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Bridging Sectors: A Net-Zero Approach to Energy and Mobility with Lucy Yu


We recently spoke with Lucy Yu – CEO of the recently launched Octopus Centre for Net Zero – to discuss energy, the home and mobility. In this conversation, we explored recent developments in energy infrastructure, how customer expectations are changing, and what is needed to achieve net-zero carbon emissions. The following is an excerpt, condensed and edited for clarity.

Sam Rangasamy

Sales and Marketing Executive

As head of a research facility looking into net-zero solutions, what are some of the initial opportunities and challenges that you’ll feel are most relevant, in both the domestic home energy and mobility sector?

Fundamentally we’re trying to help uncover faster and fairer pathways to net zero through three things: research, thought-provoking engagement, and the development of open technology for energy systems modelling (open source and open data).

We can think about the energy transition as being about people and technology. We can consider the technology part as a combination of hardware transformation and software transformation.

Hardware transformation for mobility is mainly about improving and supporting the switch from internal combustion engines to battery electric vehicles, which also requires building better infrastructure for charging. While in the home, the hardware focus is around electrifying utilities, such as converting from gas to electric heating, ground source heat pumps, and the like.

Software transformation is focused on the products and services necessary to not just support but accelerate the transition - while creating a better customer experience in the process. For example, Octopus Go is a time-of-use (TOU) tariff designed specifically for electric vehicle owners, to help them charge their vehicle charges during off-peak hours (at off-peak prices). There’s also Octopus Agile, an open-data solution that shows customers tariff prices in 30-minute increments, 24 hours ahead of time. Interestingly, we’ve seen some “early adopter” customers use that data to develop their own APIs to instruct their smart home devices to only use energy when it’s most economical. These are just two examples of how software solutions can enable sustainable energy consumption in both the mobility and domestic space, while increasing convenience and reducing cost.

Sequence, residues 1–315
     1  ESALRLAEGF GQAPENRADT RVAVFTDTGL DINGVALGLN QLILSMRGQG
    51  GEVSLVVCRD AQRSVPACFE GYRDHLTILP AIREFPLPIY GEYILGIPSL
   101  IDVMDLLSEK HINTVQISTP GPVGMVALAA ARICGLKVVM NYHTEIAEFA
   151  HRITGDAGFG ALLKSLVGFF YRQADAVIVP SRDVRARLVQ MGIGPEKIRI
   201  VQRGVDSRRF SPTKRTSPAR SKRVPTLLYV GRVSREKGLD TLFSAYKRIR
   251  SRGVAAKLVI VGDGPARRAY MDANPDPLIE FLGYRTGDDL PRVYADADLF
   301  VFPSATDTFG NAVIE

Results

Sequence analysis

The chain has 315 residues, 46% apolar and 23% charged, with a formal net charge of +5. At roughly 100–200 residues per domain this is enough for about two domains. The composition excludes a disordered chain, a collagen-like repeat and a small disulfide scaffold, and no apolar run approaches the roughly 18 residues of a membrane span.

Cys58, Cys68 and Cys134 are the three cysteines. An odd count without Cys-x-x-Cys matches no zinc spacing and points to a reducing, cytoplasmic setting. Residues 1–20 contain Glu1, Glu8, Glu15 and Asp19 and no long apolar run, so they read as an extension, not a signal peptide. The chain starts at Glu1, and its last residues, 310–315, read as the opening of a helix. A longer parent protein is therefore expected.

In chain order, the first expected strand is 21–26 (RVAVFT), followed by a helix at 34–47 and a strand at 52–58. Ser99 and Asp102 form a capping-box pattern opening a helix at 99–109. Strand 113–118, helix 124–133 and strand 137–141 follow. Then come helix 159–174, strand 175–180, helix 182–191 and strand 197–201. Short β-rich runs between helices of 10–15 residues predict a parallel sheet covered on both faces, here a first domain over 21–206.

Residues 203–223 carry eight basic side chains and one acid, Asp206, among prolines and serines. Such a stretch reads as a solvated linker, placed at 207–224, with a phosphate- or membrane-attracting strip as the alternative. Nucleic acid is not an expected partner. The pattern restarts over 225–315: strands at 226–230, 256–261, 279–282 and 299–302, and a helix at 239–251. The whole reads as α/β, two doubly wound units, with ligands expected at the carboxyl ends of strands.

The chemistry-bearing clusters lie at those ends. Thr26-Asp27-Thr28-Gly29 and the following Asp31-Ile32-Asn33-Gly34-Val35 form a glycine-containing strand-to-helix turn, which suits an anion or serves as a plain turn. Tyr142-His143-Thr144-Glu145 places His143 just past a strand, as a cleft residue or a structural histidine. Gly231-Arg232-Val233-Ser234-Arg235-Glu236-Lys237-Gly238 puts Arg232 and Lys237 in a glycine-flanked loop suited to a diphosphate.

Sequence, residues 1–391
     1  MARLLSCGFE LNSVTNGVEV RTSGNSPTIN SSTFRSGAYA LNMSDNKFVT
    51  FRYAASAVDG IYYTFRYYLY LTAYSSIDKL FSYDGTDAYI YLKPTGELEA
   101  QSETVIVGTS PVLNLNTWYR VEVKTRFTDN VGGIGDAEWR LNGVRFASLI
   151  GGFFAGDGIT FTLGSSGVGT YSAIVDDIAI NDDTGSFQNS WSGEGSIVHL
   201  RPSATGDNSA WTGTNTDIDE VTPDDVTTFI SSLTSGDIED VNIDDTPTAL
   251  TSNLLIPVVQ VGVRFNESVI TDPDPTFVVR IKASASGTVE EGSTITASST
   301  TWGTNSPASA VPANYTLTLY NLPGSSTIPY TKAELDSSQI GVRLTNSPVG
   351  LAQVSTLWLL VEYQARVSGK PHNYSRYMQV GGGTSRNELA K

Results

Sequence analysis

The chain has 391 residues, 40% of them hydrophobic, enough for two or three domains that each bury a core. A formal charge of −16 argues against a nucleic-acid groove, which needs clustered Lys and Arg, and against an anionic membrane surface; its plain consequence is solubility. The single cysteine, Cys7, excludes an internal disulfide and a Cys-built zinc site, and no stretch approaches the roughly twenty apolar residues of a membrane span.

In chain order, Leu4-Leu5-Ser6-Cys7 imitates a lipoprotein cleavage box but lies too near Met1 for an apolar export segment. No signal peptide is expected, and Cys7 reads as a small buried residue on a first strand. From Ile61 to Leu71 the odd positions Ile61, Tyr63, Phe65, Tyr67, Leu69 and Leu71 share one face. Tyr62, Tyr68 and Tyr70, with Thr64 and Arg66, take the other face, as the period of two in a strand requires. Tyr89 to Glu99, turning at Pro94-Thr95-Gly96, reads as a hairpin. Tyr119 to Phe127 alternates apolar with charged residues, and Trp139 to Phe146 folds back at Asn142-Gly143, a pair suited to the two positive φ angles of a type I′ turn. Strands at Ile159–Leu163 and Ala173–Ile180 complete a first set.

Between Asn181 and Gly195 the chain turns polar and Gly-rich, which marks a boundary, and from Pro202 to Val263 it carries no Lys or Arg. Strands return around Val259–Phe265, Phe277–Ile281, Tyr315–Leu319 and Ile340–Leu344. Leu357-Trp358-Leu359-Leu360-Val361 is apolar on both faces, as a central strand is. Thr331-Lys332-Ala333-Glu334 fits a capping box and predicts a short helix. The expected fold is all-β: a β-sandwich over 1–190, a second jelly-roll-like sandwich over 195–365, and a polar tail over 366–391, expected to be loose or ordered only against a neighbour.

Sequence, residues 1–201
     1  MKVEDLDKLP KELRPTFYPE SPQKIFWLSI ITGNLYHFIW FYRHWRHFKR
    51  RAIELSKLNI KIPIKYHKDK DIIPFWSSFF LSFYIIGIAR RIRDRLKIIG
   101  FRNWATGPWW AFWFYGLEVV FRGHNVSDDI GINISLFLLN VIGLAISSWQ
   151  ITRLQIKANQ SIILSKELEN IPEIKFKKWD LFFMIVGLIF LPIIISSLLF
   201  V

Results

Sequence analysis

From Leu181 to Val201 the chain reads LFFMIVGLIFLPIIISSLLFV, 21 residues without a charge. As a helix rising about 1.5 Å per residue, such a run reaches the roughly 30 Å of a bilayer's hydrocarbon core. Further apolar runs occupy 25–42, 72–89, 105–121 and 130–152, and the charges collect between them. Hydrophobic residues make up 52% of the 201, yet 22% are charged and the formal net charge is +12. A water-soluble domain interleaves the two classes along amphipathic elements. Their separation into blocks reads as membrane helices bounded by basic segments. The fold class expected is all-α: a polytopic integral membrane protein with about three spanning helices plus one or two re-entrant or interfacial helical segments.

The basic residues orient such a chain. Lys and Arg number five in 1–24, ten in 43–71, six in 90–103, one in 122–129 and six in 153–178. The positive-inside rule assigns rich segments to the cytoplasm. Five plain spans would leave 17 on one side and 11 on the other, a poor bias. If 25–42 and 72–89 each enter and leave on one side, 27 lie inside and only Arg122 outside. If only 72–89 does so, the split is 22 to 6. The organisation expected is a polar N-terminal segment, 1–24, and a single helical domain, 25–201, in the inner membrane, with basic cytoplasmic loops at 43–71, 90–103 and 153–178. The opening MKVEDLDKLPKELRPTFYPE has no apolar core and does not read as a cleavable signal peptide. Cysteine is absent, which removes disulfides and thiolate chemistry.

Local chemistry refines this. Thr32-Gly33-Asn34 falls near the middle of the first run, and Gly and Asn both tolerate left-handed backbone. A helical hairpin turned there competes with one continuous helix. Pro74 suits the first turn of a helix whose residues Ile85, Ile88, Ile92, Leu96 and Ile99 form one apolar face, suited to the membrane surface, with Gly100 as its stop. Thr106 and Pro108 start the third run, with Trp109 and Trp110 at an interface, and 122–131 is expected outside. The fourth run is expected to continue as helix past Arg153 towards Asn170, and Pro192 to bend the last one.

The key is that it’s not just about making the data available or better tariff communication, it’s about making it easy for the customer to enter the electric world. For example, there are solutions such as Ohme who make smart charging cables that automatically charge your electric vehicle when tariffs are low. Looking ahead, I believe it will be about automating more of these decisions on behalf of the consumer, to reduce the friction of change, and allow them to enjoy the end result without having to manually manage the details.